As tragic as the invasion of Ukraine is, bombing campaigns and invasions of Yugoslavia, Iraq, Afghanistan and Libya were no less sinful, but they were conveniently justified by their authors as inevitable or belatedly and quietly acknowledged as misled.
I did not think I should write on the topic of the current war while being deluged with reports, analyses and opinion pieces about this dramatic event. However, as thoughts and recollections piled up in a corner of my mind, I thought a few reflections might be timely at least for those who are still open to another point of view.
In Europe, where I am now, information is being increasingly replaced by moralistic or rabid comments about Putin’s “criminal” behaviour and about Russia’s alleged ethical problems inherited from the Communist ideology and even from its Tzarist past. The West is once again claiming the moral high ground, as if it were a cure for the fashionable guilt about colonialism, sexism, patriarchy and other ills enforced by woke ideologues. Nationalism, at least in Ukraine, is lent a new coat of respectability after being condemned for several years. Politicians can think and act in geopolitical terms when their interests are at stake but revert to high minded rhetoric about peace and accommodation when unfriendly states behave in undesired ways. As tragic as the invasion of Ukraine is, bombing campaigns and invasions of Yugoslavia, Iraq, Afghanistan and Libya were no less sinful, but they were conveniently justified by their authors as inevitable or belatedly and quietly acknowledged as misled. The same powers-that-be are now crying foul and vying to strangle the Russian economy; they ostracise Putin and Russian government and business figures while refusing to seriously look into the long-standing causes of the crisis. The official western view is that the Russian “dictator” is both bad and mad, though from a dictator this was to be expected and therefore requires no further explanation. The well-known prominence of Neo-Nazi militias in Ukraine on the other hand is quietly accepted and only incidentally mentioned in the media. That tactical toleration from the outspokenly anti-Fascist EU is a reminder that, after the Second World War the victorious allied powers recruited thousands of “former” Nazi officials in Central and Eastern Europe and employed them, in Europe as well as in the US, mainly to help defeat the new Communist enemies.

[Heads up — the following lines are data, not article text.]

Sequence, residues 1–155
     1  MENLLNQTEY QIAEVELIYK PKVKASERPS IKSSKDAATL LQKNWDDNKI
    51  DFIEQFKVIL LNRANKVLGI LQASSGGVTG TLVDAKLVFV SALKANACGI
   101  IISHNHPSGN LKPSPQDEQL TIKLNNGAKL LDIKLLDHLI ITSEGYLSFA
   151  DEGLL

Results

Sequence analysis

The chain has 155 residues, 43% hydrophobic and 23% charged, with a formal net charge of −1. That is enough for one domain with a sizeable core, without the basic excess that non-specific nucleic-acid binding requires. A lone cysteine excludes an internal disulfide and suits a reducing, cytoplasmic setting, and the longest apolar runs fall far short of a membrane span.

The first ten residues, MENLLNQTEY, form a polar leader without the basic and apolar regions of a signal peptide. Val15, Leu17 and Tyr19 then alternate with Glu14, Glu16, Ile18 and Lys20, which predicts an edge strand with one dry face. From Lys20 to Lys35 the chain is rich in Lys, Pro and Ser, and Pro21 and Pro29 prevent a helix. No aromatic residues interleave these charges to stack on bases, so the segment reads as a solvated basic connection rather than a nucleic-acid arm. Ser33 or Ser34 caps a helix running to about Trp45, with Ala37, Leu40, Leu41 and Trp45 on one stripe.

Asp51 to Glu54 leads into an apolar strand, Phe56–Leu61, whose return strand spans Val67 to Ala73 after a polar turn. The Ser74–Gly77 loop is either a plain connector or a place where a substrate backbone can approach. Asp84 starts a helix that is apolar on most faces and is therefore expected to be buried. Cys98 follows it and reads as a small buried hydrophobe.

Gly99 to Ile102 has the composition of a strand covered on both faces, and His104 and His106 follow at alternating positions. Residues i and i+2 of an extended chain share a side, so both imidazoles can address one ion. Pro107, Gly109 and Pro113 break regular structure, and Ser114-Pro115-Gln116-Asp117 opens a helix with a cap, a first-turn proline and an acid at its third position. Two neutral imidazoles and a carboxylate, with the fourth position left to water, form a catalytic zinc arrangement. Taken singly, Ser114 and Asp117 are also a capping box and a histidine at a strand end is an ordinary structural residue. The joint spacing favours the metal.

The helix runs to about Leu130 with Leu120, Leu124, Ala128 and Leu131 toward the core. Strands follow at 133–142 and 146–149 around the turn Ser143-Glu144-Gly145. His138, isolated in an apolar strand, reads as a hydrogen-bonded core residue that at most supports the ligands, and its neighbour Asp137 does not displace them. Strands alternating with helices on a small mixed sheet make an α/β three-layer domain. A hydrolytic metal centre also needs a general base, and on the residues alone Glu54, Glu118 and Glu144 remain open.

The current eruption of self-righteousness in countries that rarely hesitated to attack and take over recalcitrant states while threatening and starving several others in order to force them to comply with their requirements should come as no surprise, but it leads many citizens of our sententious democracies to wonder about the sincerity of their leaders, in the wake of the authoritarian measures that were taken in complete disregard of democratic rights and national Constitutions during the coronavirus epidemic. The official brutality and dishonesty, manifested in the domestic repression that citizens recently endured is now exploding in the Ukrainian theatre. All things are connected, as ecological philosophy demonstrates. The West castigates Russia every day for controlling the media but pro-Russian channels are now being banned in our “free democracies”, which want their citizens to be exposed only to the “correct” western alliance narrative. We do indeed have ministries of truth nowadays in liberal societies.